In the courtroom, Brok Junkermeier is a quiet 19-year-old with close-cropped hair and glasses. When prosecutors show photos of Lila Warwick, the 79-year-old he allegedly killed, he turns his head and lowers his gaze.

But in a videotaped interview shown to jurors Tuesday in Willmar, Minn., a shaggy-haired Junkermeier casually admitted to killing Warwick, using his own body to show where he stabbed her "six, seven times" after choking her and breaking her neck.

"One, two, three, four," Junkermeier said, hitting points on his chest and abdomen.

Junkermeier has pleaded not guilty to first-degree murder charges for allegedly carrying out the July robbery and attack prosecutors say he planned with Warwick’s grandson, Robert Inocencio Warwick, 18. Prosecutors say Junkermeier forced Lila Warwick to write him a check for $1,500 before killing her, returning to the house later that day to steal her safe.

Two days after Lila Warwick's death, investigators approached Junkermeier at his work and drove him to the sheriff’s office, where they interviewed him for nearly four hours. At first, he denied being involved in Lila Warwick's death, saying the check was for chores he had done around her house.

But after investigators implied that Lila Warwick had recently installed security cameras in her house, Junkermeier confessed, saying, "I killed Lila Warwick."

He described not only the attack in late July but the two times he had been to the house before, with the same intention. The first time, "Robbie" Warwick and another teen accompanied him, he said, rifling through the things in Lila Warwick’s car. A noise scared them off. The next time, a solo Junkermeier saw a light on, so he left.

Junkermeier also told investigators about returning to Lila Warwick's house on the east edge of Willmar to grab her safe. Robert Warwick, then 17 years old, came inside, too, and was disturbed by all the blood, he said.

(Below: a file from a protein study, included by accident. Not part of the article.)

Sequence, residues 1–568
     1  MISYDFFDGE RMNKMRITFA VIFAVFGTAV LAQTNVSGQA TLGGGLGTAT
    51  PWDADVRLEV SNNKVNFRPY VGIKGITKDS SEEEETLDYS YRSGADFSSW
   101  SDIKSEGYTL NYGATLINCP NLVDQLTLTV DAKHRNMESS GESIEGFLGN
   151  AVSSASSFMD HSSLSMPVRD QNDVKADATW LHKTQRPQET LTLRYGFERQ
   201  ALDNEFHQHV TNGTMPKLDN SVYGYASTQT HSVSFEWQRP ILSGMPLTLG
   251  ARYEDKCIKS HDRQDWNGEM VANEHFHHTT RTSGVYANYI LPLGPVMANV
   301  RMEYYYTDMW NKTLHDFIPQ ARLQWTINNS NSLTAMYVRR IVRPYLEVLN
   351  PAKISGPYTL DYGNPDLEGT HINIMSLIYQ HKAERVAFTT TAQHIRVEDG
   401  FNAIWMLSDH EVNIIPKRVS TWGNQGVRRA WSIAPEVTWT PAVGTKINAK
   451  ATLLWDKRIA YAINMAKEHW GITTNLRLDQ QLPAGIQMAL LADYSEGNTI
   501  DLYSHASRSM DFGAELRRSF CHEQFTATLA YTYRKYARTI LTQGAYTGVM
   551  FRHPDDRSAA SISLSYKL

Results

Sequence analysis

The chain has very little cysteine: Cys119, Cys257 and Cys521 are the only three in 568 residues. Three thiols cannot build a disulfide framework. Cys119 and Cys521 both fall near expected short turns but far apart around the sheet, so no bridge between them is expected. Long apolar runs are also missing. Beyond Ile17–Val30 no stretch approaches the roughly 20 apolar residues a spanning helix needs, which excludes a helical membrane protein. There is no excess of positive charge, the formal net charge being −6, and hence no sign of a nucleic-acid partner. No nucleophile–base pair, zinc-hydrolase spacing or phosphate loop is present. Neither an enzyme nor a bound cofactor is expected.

"He keeps saying, 'Oh my god.'" Junkermeier said in the video. "He doesn’t want to look at anything."

Early in the interview, Brad Redmond, a detective sergeant with the Kandiyohi County Sheriff's Office, suggested to Junkermeier that Robert Warwick was the crime's "mastermind," an assertion repeated in complaints and other court documents. (Warwick's trial has not yet been scheduled.)

"He’s the planner, he’s the mastermind, he’s the organizer," Redmond said. "I’m thinking he’s the organizer of this." Later, he added, "Don’t take the fall for anybody else on this."

Junkermeier then told them that Robbie had suggested killing his grandmother because he didn't like her and she had a lot of money. "It wasn’t my plan," Junkermeier said. "You know it’s not my plan. It’s not even my grandma."

Outside the courthouse Tuesday evening, Junkermeier's attorney Kent Marshall repeated his assertion that while Junkermeier killed Lila Warwick, that doesn't mean he's guilty of the two charges -- first-degree, premeditated murder and first-degree murder in the course of a burglary.

"No question about what he's done. You've heard the evidence," Marshall said. "Clarence Darrow said we might hate the sin but never the sinner.

"And I think that's important to remember here."